Cultivating a Resilient Agrifood System
Food lies at the intersection of many aspects of the global development agenda. It impacts the interlinked issues of economic growth, health, biodiversity, resource use, and climate, thereby requiring multidisciplinary approaches and integrated solutions.
As it stands, the way food is produced and consumed is contributing to a substantial environmental and carbon footprint. According to the United Nations, the cost of food waste amounts to over $2.6 trillion per year. Yet, many people around the world, including those in the region, are undernourished despite the unsustainable food production and consumption patterns.
As the COVID-19 pandemic unfolded, food insecurity increased. Food consumption and nutrition were significantly affected by loss of livelihoods and limited food access. The war in Ukraine caused food prices to hit record highs, deepening the woes of the poorest and most vulnerable. The price of some commodities is beginning to moderate, but many challenges remain, including the volatility in fertilizer prices that poses a threat to the production of rice—a key staple in Southeast Asia.
The webinar Strengthening the Agrifood System—organized by the Asian Development Bank (ADB)—examined the factors that threaten food security in Southeast Asia and how various stakeholders can support the agriculture food system in the region.
What’s eating the agrifood sector
Agriculture provides significant economic contribution to many Southeast Asian countries. According to an ADB study, more than 20% of Myanmar and Cambodia gross domestic product in 2019 came from this sector. However, the region’s agrifood system suffers from low productivity, competitiveness, and incomes, leading to high rural poverty. Constraints point to the lack of a conducive environment for private investment and weak linkages among agrifood stakeholders.
Meanwhile, the increasing intensity and frequency of extreme weather events are affecting crop yields and production. While agriculture is a victim of climate change, it is also a perpetrator of this phenomenon. It is highly impacted by the effects of a changing climate and at the same time, farming practices from intensive agriculture are contributing to rising emissions and environmental degradation. Although global warming affects all sectors, agriculture is the most vulnerable because it is dependent on climactic conditions such as rainfall, temperature, and soil ecosystem.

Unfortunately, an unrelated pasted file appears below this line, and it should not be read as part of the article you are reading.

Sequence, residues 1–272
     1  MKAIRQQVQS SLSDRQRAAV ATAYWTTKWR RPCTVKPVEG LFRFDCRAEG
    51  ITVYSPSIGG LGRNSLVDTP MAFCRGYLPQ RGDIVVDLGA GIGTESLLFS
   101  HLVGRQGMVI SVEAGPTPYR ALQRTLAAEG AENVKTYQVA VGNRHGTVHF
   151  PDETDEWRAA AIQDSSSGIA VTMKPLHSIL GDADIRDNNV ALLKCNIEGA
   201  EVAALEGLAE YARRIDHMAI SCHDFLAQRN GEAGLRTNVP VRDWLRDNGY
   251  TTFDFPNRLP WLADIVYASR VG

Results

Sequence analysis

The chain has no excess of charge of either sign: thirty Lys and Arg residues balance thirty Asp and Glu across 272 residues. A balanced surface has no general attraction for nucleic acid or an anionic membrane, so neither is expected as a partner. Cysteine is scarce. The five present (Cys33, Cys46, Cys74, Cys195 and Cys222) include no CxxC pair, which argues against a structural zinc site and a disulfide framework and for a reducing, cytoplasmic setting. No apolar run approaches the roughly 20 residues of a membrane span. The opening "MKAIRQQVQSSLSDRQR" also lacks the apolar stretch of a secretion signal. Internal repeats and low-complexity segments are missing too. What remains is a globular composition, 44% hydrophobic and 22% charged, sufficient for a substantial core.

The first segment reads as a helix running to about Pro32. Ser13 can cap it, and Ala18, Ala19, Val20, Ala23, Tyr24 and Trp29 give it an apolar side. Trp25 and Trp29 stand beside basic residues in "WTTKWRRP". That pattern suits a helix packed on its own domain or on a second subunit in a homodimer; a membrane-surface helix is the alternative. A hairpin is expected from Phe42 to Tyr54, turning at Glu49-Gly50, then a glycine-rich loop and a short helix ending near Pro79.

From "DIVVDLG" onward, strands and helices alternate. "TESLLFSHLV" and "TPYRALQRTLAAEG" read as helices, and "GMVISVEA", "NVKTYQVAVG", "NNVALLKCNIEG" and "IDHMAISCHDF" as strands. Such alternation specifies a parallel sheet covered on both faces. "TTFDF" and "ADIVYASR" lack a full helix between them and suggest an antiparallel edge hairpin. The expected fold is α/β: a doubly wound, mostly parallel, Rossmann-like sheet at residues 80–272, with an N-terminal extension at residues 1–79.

As incomes and urbanization increase, dietary preferences are moving toward resource-intensive food products. Tastes are also becoming more similar, resulting in the standardization of diet and homogenization of food supplies. “We can see that the global standard consumer or eater now obtains the majority of calories from six commodities only: wheat, rice, sugar, maize, soybean, and animal products,” said Omer Zafar, principal natural resources and agriculture specialist at ADB's Southeast Asia Department. “So, the loss of diversity in crops, livestock, and fishery species is a serious threat to food security and the widespread consumption of processed packaged food is a serious threat to nutrition.”
Compounding this issue is the dominance of only a handful of companies in the food supply chain. This market concentration is a serious concern because the size and influence of these multinational corporations enables them to largely control what farmers grow, how much they are paid, and what consumers eat.
On top of these challenges, Russian Federation’s invasion of Ukraine has led to a reduction in supply of commodities, triggering high food inflation. With many households still recovering from the hardships of the pandemic, the global price shocks are affecting their ability to purchase nutritious food. “Households, families, and individuals need to make decisions about which food they can afford to purchase to meet their energy needs,” said World Food Programme Indonesia Deputy Country Director Jennifer Rosenzweig. “And often, the foods that are more affordable are basic staples, which don’t always provide a diverse diet and allow families or individuals—especially those who are most in need of good nutrition such as young children and pregnant and lactating women—to be able to afford the foods that they need for a nutritious diet.”